Things started to look up again once we had the spinnaker up and we screeched past the Scilly Islands with the boat heeled hard over, reaching with spinnaker to the absolute limit, straining shoulder muscles steering hard to keep going in a straight line. We were going like a train, on the edge but it was great sailing and we were back in the game.
One of the world’s classic offshore races, the Rolex Fastnet Race is also one of the most tactically demanding. Multiple tidal…
There are three major headlands on the Rolex Fastnet Race route that are key to the success or otherwise of your…
The Rolex Fastnet Race is one of the world’s most iconic offshore racing challenges – here’s everything you need to know about…
This time I was below taking a 20-minute power nap when there was another big bang and this time the spinnaker fell down from the mast head. The halyard had chafed through.
By now well practissd at this recovery, we had the sail back on board in a couple of minutes but now we had 60 miles of downwind sailing to the finish and no ability to hoist a spinnaker, the Code 0 halyard was still at the top of the mast with the furling gear attached and the other halyard was a goner.
After some deliberation we decided the only option was to sail bare-headed and send Ash up the rig on the jib halyard to go and get the Code 0 back down.
Climbing a mast at sea is a horrendously scary thing to do, even if you are rock hard. If you are halfway up and let go of the rigging you will be swung like a pendulum as the boat rolls, with no control. Ash had to climb all the way up and then somehow use a free hand to grab the furling gear and halyard. It was not fun. He was successful, but in coming down holding on with one hand he was catapulted twice around the shroud above the second set of spreaders, which meant although I could still lower him down we would now not be able to use the jib halyard.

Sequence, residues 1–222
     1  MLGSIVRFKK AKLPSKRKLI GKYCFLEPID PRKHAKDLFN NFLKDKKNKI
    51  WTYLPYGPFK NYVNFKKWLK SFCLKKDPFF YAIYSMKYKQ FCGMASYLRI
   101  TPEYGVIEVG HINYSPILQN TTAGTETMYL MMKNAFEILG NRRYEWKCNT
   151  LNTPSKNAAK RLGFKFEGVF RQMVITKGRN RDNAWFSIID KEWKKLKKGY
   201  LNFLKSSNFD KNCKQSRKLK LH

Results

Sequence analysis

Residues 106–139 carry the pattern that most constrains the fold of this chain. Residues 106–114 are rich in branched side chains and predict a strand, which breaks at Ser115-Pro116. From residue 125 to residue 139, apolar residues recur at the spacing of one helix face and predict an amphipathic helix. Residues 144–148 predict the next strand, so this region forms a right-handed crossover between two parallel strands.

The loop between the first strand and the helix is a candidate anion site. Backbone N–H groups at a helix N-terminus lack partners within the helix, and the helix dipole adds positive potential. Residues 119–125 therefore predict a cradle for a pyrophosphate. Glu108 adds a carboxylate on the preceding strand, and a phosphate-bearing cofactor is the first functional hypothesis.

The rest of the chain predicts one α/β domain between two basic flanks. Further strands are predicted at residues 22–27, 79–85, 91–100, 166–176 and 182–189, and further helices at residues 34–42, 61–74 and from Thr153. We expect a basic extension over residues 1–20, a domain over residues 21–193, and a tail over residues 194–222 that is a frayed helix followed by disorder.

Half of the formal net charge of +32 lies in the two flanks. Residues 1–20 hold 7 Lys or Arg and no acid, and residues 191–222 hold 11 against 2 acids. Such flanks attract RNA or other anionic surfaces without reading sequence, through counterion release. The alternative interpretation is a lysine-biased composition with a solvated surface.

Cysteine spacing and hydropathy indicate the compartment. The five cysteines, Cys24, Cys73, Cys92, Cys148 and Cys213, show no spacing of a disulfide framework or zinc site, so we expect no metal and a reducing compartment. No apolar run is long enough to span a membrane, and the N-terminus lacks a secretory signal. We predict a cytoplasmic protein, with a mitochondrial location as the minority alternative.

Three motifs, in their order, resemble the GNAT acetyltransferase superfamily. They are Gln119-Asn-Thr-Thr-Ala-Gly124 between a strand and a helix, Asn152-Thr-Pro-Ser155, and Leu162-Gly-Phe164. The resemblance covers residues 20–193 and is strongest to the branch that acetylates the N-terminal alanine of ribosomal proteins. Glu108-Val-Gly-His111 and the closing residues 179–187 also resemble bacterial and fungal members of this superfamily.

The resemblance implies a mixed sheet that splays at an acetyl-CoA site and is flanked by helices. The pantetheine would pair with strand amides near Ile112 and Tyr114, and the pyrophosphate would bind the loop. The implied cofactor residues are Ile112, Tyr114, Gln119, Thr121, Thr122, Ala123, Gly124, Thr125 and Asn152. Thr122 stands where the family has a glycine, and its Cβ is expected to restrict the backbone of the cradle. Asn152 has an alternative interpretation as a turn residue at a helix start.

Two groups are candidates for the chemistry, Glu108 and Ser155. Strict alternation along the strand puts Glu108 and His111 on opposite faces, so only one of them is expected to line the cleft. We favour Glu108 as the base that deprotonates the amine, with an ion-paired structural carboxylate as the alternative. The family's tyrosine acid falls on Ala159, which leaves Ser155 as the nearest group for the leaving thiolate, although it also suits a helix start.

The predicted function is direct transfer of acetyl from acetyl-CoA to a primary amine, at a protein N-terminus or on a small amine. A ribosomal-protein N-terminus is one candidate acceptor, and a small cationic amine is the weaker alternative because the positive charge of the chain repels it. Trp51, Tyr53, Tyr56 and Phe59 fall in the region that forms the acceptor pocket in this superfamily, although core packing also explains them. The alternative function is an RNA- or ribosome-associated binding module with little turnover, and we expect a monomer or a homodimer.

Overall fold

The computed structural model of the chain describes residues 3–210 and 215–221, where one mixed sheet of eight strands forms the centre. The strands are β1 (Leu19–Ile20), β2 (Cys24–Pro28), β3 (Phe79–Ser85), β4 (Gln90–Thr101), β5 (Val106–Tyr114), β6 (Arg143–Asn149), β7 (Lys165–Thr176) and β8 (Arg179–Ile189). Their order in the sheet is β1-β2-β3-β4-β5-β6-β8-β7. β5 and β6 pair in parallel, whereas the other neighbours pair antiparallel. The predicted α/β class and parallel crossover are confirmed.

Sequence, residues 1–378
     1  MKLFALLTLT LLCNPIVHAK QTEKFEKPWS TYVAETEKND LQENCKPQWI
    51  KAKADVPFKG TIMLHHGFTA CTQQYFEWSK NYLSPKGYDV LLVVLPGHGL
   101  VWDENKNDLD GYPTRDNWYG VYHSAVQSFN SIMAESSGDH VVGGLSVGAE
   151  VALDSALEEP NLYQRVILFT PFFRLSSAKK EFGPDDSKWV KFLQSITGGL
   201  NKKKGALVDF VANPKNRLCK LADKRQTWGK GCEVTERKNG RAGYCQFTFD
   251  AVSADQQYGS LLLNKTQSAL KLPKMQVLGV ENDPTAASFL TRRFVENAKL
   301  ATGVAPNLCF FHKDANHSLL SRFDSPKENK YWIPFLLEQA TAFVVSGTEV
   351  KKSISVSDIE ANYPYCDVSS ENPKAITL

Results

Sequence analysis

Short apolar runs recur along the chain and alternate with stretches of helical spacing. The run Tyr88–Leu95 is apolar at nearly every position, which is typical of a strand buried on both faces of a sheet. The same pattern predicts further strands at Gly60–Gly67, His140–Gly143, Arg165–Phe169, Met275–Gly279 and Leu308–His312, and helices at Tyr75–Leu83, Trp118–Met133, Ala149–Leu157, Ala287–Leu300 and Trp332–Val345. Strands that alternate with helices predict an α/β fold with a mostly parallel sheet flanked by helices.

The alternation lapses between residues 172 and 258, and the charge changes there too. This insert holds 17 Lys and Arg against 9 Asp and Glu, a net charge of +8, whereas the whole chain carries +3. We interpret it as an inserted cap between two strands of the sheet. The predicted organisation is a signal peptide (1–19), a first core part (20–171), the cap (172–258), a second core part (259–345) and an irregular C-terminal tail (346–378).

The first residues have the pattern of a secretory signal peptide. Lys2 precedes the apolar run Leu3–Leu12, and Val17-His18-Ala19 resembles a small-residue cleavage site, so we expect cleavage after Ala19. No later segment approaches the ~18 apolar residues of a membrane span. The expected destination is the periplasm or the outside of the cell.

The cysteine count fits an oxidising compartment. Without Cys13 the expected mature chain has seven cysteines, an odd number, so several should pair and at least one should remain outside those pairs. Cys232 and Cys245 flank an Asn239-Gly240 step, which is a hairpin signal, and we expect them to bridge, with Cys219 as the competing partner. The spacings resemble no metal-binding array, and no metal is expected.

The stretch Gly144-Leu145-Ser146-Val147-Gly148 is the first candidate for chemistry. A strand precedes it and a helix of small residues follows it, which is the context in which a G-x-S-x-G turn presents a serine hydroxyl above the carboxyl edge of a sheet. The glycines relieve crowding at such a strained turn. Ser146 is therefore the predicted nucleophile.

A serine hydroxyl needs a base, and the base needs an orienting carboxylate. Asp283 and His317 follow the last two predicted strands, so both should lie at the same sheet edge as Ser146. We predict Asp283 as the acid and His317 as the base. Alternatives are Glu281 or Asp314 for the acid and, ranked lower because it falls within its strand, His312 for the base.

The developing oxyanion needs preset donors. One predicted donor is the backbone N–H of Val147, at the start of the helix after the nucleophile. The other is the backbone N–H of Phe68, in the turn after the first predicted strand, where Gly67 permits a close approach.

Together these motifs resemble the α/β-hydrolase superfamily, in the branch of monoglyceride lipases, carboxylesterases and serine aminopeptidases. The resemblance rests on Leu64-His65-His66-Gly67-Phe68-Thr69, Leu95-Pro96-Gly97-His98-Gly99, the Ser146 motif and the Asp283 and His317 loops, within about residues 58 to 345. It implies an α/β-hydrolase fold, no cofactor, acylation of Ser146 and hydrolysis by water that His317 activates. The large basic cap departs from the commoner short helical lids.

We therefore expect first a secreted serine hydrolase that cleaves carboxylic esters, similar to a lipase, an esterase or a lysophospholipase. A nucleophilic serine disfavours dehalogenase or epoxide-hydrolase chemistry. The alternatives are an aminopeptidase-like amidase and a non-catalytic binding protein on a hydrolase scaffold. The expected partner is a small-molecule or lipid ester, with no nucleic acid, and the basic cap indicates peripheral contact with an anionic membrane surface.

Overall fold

I dropped Ash down to the spreader, which he sat on, then with the spare carabiner on his harness he hooked directly onto the shroud, undid the jib halyard from his harness and unwound it from the shroud. I can assure you performing all of these feats some 15m above the deck and while being rocked around in a moderate sea state is not fun.
All went well and after about half an hour we were back under spinnaker again and charging for the finish line. The final leg into Plymouth and the finish line rewarded us with some classic downwind surfing conditions. We did short stints on the helm as surfing the waves was physically hard work and we were both exhausted and starting to suffer from intense neck and shoulder pain from working one side of our bodies so hard on the steering wheel.
When we crossed the finish line we felt like we had given it everything. The Fastnet Race has a justified reputation. It is tough, the calibre of sailing is incredible, the course is demanding and with so many boats in each class a mistake or misdemeanour can lose you positions in a matter of minutes. Sailing the course double handed is incredibly tough and we found that even more so in a boat that not designed to be sailed in this way.
I am really delighted to have taken part and, yes, I am revved up to do it again.
The RORC has made the Fastnet an incredible event to participate in, the atmosphere both at the start and the finish were incredible and the race organisers make you feel really special.